There’s a lot to like about the Withings ScanWatch Horizon. It looks like a classic dive watch with a stainless steel case and rotating bezel. It has plenty of health features, like an electrocardiogram and blood oxygen tracking, both of which have gained clearance from the US Food and Drug Administration. Apple, Fitbit and Samsung can’t say the same about blood oxygen tracking on their own watches. Did I mention Withings claims its battery can last a month?
The question is, whether these qualities make the Withings ScanWatch Horizon worth its $500 price. The answer depends on what you’re looking for. Traditional smartwatches are generally easier to navigate thanks to color touchscreens, and they offer more functionality, like mobile payment support, hands-free voice controls and the ability to take calls from your wrist.
The Withings ScanWatch can’t do any of these things, but that’s on purpose. It’s a simpler watch designed to do two things well: look more like a traditional wristwatch and provide in-depth health and wellness tracking. I admire this about the ScanWatch Horizon, but I do think it could benefit from inheriting a few features found on more traditional smartwatches — namely voice controls.
There are also times when the ScanWatch Horizon’s defining characteristics feel at odds with one another. For example, the stylish casing is a large part of the ScanWatch Horizon’s appeal, but it feels chunkier and heavier than conventional smartwatches. That means it’s not the most comfortable watch to wear while sleeping or working out, despite its wide selection of health features.
- Elegant design
- Plenty of health and activity tracking features
- In-depth health monitoring without a subscription
- Long battery life
- Works with iOS and Android
- Tiny screen can be difficult to navigate
- Feels bulky to wear while sleeping and exercising
- No GPS
- No voice controls for setting alarms and timers
With a classy design, compatibility with iOS and Android, seemingly infinite battery life and in-depth health statistics, the ScanWatch Horizon has a lot going for it. But it feels intended for a specific crowd; those who prefer the look of classic analogue wristwatches and care about little more than health tracking in a wearable.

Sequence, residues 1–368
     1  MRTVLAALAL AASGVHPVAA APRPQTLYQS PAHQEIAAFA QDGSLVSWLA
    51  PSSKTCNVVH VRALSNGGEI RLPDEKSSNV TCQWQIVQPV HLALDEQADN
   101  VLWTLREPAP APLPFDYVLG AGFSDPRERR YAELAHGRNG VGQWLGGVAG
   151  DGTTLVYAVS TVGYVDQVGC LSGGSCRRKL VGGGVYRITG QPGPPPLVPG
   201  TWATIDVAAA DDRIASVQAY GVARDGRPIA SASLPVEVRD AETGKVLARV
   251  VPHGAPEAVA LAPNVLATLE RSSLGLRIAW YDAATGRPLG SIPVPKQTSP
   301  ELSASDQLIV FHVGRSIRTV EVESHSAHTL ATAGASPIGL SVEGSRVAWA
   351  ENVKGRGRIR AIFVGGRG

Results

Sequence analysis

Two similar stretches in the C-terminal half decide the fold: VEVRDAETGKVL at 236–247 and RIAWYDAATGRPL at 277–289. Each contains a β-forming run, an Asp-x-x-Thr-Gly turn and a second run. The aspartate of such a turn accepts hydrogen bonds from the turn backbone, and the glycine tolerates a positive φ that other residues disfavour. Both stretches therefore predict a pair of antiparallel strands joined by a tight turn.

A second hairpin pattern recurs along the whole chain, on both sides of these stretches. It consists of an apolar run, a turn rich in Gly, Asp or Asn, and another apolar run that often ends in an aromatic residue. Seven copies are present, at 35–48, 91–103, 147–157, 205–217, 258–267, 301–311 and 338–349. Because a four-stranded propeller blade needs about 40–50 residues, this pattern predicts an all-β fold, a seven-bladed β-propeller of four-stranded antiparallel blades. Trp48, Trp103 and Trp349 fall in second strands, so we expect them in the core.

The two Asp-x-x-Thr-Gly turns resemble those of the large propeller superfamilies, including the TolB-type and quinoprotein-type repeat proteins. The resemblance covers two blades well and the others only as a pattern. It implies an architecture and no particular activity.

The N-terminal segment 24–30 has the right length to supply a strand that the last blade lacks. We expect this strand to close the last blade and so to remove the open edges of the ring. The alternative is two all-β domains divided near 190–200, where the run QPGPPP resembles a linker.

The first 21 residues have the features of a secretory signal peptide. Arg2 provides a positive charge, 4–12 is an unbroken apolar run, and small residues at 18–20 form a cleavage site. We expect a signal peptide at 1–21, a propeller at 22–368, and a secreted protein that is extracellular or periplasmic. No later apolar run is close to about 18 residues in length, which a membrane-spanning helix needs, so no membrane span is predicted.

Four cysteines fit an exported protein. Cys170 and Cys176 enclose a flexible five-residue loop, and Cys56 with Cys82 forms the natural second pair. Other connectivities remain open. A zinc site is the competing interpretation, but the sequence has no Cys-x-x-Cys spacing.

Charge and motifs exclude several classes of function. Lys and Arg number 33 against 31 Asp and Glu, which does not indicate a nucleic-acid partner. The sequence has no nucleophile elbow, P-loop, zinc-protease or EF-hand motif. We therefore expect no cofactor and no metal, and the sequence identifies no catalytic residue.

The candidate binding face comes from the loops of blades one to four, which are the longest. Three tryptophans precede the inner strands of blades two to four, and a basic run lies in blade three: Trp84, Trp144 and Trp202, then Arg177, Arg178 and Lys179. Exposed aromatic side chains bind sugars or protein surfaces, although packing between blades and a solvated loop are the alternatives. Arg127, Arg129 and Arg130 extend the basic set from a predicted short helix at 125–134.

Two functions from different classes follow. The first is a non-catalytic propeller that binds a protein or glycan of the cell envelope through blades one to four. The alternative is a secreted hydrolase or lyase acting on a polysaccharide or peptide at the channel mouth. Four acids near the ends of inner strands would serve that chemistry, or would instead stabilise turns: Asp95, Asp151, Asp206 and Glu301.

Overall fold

A smartwatch disguised as a regular timepiece
It almost doesn’t feel right to call the Withings ScanWatch Horizon a smartwatch. Yes, it does smartwatch-like things, such as tracking workouts and displaying alerts from my phone. But it doesn’t look the part, and that’s a good thing. When a friend asked about it during a recent weekend trip, she was surprised to hear that the watch on my wrist was indeed a smartwatch.
The watch has a stainless steel casing and a rotating bezel with laser engraved markings, while the watch face is covered with scratch-resistant sapphire glass. A tiny circular screen sits near the top of the watch face, surrounded by a dial with hands for the hours and minutes. It’s easy to see why it would be mistaken for an analog watch.
That’s also evident in the ScanWatch’s packaging. Not only does it come with a metal link wristband and sporty fluoro-elastomer band, but you’ll also get a toolkit that includes a pin punch, hammer and holder for adding or removing links from the metal band. The watch is compatible with other watch bands that are 20 millimeters in size and have quick-release spring bars. The ScanWatch Horizon’s design and packaging are among the few differences that separate it from the standard ScanWatch, which costs $280. Plus, the Horizon model is water resistant down to 100 meters, while the regular ScanWatch is water resistant to 50 meters deep.
The ScanWatch Horizon’s looks certainly separate it from similar devices made by tech companies like Apple and Samsung. But this approach isn’t new for Withings, and it’s not the only watchmaker to specialize in making these so-called hybrid watches that combine analog aesthetics with digital smarts (Garmin makes them, too). I remember being impressed by Withings’ Activite fitness tracker from 2014, and the ScanWatch Horizon seems to be the culmination of the company’s efforts since then.
While I appreciate the ScanWatch Horizon’s elegant design, its 43-millimeter size does feel slightly too large for my wrist. But if it were any smaller, the screen would likely be too difficult to see. The ScanWatch Horizon’s tiny round screen is just large enough to view the time, date and workout metrics at a glance, but I wouldn’t count on using it for much more than that.